This volume of LLE Review, covering October–December 2011, features “Crossed-Beam Energy Transfer in Direct-Drive Implosions.” Direct-drive implosion experiments on the OMEGA laser [T. R. Boehly et al., Opt. Commun. 133, 495 (1995)] have shown discrepancies between simulations of the scattered (non-absorbed) light levels and measured ones that indicates the presence of a mechanism that reduces laser coupling efficiency by 10% to 20%. The authors of the feature article attribute this degradation in laser coupling to crossed-beam energy transfer (CBET), which is electromagnetically seeded, low-gain stimulated Brillouin scattering. CBET scatters energy from the central portion of the incoming light beam to outgoing light, reducing the laser absorption and hydrodynamic efficiency of implosions. One-dimensional hydrodynamic simulations including CBET show good agreement with all observables in implosion experiments on OMEGA. Three strategies to mitigate CBET and improve laser coupling are considered: the use of narrow beams, multicolor lasers, and higher-Z ablators. Experiments on OMEGA using narrow beams have demonstrated improvements in implosion performance.
Additional highlights of research presented in this issue include the following:
- The hot-electron equilibration dynamics in high-intensity laser interactions with picosecond pulses and thin-foil solid targets is inferred using time-resolved Kα spectroscopy. The measured Kα-emission pulse width increases from ~3 to 6 ps for laser intensities from ~1018 to 1019 W/cm2. Collisional energy-transfer model calculations suggest that hot electrons with mean energies from ~0.8 to 2 MeV are contained inside the target. The inferred mean hot-electron energies are broadly consistent with ponderomotive scaling over the relevant intensity range
- The hot-electron generation by the two-plasmon-decay (TPD) instability in plasmas relevant to direct-drive inertial confinement fusion is measured. Density scale lengths of 400 µm at ncr = 4 in planar CH targets allows the TPD instability to be driven to saturation for vacuum intensities above ~3.5 × 1014 W/cm2. In the saturated regime, ~1% of the laser energy is converted to hot electrons. The hot-electron temperature is measured to increase rapidly from 25 to 90 keV as the laser beam intensity is increased from 2 to 7 × 1014 W/cm2. This increase in the hot-electron temperature is compared with predictions from nonlinear Zakharov models.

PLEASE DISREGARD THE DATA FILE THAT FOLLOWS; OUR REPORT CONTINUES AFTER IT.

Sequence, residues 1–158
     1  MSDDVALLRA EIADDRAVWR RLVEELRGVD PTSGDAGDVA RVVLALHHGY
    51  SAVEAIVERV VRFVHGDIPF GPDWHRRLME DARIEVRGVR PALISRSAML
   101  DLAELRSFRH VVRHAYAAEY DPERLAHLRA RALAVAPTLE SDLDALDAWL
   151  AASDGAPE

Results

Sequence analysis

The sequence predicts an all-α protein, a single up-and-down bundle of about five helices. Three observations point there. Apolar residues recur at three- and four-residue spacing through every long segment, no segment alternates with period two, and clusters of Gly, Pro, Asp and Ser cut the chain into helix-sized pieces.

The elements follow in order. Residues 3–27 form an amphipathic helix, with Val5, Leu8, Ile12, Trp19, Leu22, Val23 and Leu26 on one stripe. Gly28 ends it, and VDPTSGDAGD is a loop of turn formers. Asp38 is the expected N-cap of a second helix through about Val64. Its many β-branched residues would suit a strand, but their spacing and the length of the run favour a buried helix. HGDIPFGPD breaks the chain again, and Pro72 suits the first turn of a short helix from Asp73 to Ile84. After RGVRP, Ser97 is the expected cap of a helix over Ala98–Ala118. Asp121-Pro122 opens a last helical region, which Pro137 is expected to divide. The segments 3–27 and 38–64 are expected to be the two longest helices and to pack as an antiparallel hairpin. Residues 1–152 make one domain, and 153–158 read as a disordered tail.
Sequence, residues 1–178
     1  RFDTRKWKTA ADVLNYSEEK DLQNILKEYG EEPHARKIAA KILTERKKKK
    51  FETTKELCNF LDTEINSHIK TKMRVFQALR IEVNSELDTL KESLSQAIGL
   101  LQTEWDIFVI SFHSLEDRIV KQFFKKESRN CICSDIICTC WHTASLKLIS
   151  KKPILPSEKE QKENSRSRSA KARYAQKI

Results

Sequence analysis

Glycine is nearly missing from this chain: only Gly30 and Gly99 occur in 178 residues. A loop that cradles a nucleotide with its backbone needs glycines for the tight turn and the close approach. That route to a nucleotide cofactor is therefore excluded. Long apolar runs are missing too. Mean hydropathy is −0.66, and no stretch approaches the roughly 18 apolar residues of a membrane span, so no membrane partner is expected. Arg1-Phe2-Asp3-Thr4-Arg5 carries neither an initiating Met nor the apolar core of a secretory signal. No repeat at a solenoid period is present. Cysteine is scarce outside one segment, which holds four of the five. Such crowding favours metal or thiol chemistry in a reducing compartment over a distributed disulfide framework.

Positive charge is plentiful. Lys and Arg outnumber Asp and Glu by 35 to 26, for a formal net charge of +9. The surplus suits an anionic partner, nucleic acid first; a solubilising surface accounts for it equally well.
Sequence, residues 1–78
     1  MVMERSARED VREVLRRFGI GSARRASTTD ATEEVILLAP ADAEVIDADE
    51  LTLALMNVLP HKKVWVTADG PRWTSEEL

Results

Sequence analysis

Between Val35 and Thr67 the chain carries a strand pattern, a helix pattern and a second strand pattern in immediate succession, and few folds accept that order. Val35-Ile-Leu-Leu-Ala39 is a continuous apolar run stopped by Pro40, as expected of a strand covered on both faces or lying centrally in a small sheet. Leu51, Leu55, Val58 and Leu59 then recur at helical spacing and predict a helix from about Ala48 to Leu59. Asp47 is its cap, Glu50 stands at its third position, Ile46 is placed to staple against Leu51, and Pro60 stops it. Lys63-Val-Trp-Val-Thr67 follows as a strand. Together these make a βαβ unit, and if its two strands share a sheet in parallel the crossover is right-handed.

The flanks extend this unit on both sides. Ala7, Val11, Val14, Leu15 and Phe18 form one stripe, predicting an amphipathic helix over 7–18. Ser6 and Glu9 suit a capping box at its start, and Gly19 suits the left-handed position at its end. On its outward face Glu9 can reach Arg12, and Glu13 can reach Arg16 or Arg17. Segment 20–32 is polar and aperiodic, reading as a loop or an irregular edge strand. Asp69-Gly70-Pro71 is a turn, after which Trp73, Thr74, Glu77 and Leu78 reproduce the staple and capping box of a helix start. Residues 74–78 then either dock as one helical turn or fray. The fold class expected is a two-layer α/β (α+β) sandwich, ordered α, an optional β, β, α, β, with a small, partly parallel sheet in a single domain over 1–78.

- A design of an ultra-intense optical parametric chirped-pulse–amplification (OPCPA) system at 910 nm is presented. Technologies are being developed for large-scale systems based on deuterated potassium dihydrogen phosphate (DKDP) optical parametric amplifiers that could be pumped by kilojoule-class Nd:glass lasers such as OMEGA EP. Results from a prototype white-light–seeded chain of noncollinear optical parametric amplifiers (NOPA’s) are reviewed. The development of a cylindrical Öffner stretcher that has advantages over standard stretchers for ultra-intense, high-contrast systems is described. The front-end development will culminate in demonstrating a mid-scale optical parametric amplifier line (OPAL) that will use scalable technologies to produce 7.5-J, 15-fs pulses with a temporal contrast exceeding 1010.
- A narrowband x-ray imager for a Cu Kα line at ~8 keV using a spherically bent quartz crystal is designed and implemented on the OMEGA EP laser. The quartz crystal is cut along the 2131 (211) planes for a 2d spacing of 0.3082 nm, resulting in a Bragg angle of 88.7°, very close to normal incidence. An optical system is used to remotely align the spherical crystal without breaking the vacuum of the target chamber. The images show a high signal-to-background ratio of typically >100:1 with laser energies ≥1 kJ at a 10-ps pulse duration and a spatial resolution of less than 10 µm.
- A new operation regime of NbN superconducting single-photon detectors (SSPD’s) by integrating them with a low-noise cryogenic high-electron-mobility transistor and a high-load resistor is proposed. The new SSPD operating scheme makes it possible to distinguish dark pulses from actual photon pulses in SSPD’s and therefore gain a better understanding of the origin of dark counts generated by the detector. A statistical analysis of amplitude distributions of recorded trains of the SSPD photoresponse transients is used to obtain information on the spectral characteristics of incident photons and demonstrates that meander-type SSPD’s exhibit some photon-number–resolving capability.
- The thermal conductivity of solid D2 is measured by the 3ω method, in which a wire embedded in the medium serves as both a heater and a temperature sensor. Accurate values of conductivity are obtained for solid D2 in the temperature range 13.4 K to 18.6 K. In this temperature range, normal and ortho D2 are found to have the same conductivity.